Posted in Personal Blogs

Happy Halloween!

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Happy Halloween everyone! Hope you had fun or got to relax with a big bag of your favorite candy or sweets.

Thanks for all of the love and support!

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Posted in Audiobooks, Book Reviews, Novels

REVIEW: The Deep by Nick Cutter

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*No Major Spoilers*

A strange plague called the ’Gets is decimating humanity on a global scale. It causes people to forget—small things at first, like where they left their keys…then the not-so-small things like how to drive, or the letters of the alphabet. Then their bodies forget how to function involuntarily…and there is no cure. But now, far below the surface of the Pacific Ocean, deep in the Marianas Trench, a heretofore unknown substance hailed as “ambrosia” has been discovered—a universal healer, from initial reports. It may just be the key to a universal cure. In order to study this phenomenon, a special research lab, the Trieste, has been built eight miles under the sea’s surface. But now the station is incommunicado, and it’s up to a brave couple of people to descend through the light-less fathoms in hopes of unraveling the mysteries lurking at those crushing depths…and perhaps to encounter an evil blacker than anything one could possibly imagine.

I will put a warning up front, read this with caution. I listened to the audiobook and it gave me terrible nightmares.

This thriller/horror starts from the first page. The impending doom of an unknown and incurable disease makes for a great premise of a horror novel.

Our main characters include Luke, a man who lost his wife and child, Clayton, a popular famous scientist, and Alice or “Al”, who delivers supplies to the scientists.

The Trieste is a multitrillion-dollar scientific base that is eight miles under the sea in the Mariana Trench. Being isolated from society to that extreme could drive perfectly sane people to their breaking point.

Things go haywire as soon as Luke and Al arrive on the Trieste, vivid memories begin to surface, nightmares terrorizing everyone on board. Something is up, and it’s up to Luke and Al to find out what is going on.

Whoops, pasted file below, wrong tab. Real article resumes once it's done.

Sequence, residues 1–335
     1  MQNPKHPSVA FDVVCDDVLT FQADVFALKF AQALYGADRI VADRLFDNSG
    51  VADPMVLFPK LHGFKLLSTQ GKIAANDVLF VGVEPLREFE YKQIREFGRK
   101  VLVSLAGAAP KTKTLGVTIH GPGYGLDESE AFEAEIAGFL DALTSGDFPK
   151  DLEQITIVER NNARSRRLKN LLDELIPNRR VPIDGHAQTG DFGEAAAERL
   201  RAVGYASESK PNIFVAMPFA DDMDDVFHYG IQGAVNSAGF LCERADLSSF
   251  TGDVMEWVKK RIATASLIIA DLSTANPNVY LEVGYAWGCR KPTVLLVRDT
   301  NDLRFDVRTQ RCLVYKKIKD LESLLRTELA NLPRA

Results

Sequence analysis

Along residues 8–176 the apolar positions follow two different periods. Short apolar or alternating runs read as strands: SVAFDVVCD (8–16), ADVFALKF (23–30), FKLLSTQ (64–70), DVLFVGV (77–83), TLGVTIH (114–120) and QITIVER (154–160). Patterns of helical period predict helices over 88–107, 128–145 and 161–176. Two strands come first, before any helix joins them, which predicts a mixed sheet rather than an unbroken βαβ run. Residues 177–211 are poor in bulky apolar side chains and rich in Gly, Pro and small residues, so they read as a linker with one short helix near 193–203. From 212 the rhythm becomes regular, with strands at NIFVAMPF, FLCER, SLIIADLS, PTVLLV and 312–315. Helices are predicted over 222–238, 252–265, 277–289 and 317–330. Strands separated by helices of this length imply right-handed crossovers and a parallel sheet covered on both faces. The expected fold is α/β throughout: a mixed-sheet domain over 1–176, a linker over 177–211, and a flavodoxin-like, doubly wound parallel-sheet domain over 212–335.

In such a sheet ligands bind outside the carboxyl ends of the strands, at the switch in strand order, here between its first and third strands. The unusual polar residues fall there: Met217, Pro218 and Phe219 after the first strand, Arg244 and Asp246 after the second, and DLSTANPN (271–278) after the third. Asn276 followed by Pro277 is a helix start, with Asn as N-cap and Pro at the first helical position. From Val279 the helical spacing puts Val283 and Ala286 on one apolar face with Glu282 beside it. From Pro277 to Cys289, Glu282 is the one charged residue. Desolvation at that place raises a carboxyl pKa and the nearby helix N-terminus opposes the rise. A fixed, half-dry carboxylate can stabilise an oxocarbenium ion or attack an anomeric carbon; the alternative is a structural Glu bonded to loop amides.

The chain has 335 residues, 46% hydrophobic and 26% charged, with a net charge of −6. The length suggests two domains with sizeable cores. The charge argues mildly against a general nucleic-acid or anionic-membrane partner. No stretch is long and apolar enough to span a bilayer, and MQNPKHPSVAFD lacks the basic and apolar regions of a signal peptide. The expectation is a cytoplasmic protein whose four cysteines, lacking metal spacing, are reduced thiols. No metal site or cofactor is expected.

I noticed that the author takes inspiration from authors like Stephen King. It ends unsatisfyingly and abruptly. With that said, overall it was a good book, I found it to hold my attention, even though it gave me terrifying nightmares. If you’re looking for a good scare I would say this is a perfect book of choice.

Posted in Book Club Reads, Book Reviews, Novels

REVIEW: Undead Girl Gang by Lily Anderson

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*No Major Spoilers*

Mila Flores and her best friend Riley have always been inseparable. There’s not much excitement in their small town of Cross Creek, so Mila and Riley make their own fun, devoting most of their time to Riley’s favorite activity: amateur witchcraft.

So when Riley and two Fairmont Academy mean girls die under suspicious circumstances, Mila refuses to believe everyone’s explanation that her best friend was involved in a suicide pact. Instead, armed with a tube of lip gloss and an ancient grimoire, Mila does the unthinkable to uncover the truth: she brings the girls back to life.

Unfortunately, Riley, June, and Dayton have no recollection of their murders, but they do have unfinished business to attend to. Now, with only seven days until the spell wears off and the girls return to their graves, Mila must wrangle the distracted group of undead teens and work fast to discover their murderer…before the killer strikes again.

In this month’s book club read, I was interested in the premise of this novel. A unique twist on the zombie/paranormal genre. Teen Wiccans or “witches” as society calls the group. Solving a possible murder case with no help from friends or family.

“A scoop of dried rosemary goes into the bag, followed by salt. Sometimes, magic looks a lot like how my mom prepares chicken”- Undead Girl Gang

When I found out that this was a young adult novel, I was hesitant. With my book readings, I find most young adult fiction to be immature and drama that is unnecessary to the plot. This novel does have patches of teen drama, but it’s not too much to break the immersion. I groaned and complained when I felt like the drama was going on for too long. But overall, it sticks with the main story fairly well.

I know a lot of adolescents go through with body image issues, but it still bothered me how the main character kept saying that she was a “fat witch” or paints herself in a negative light.

One of my favorite parts that I found to be clever in the storytelling was how the girls couldn’t be further than 100 paces apart without the undead girls to turn into actual-looking zombies.

The only character I found to be likable was Xander, who is Riley’s older brother. Over the course of the book, Mila and Xander become close as they both mourn the loss of their friends and his sister. He seems to be a likable guy who I can relate to somewhat from real life experience.

This book’s plot twist blew me away in that I didn’t see it coming! I won’t spoil who the killer is, but if it’s someone I didn’t guess then you won’t see it coming either.

The bad guy’s motives I found to be realistic and relatable. I was worried about how the author was going to explain the motive for doing the evil deeds. Sometimes authors try and pull a huge plot twist, and they make a weak motive or don’t explain the motive very well.

“Most magic is just telling the universe that you’re thankful to be here”- Undead Girl Gang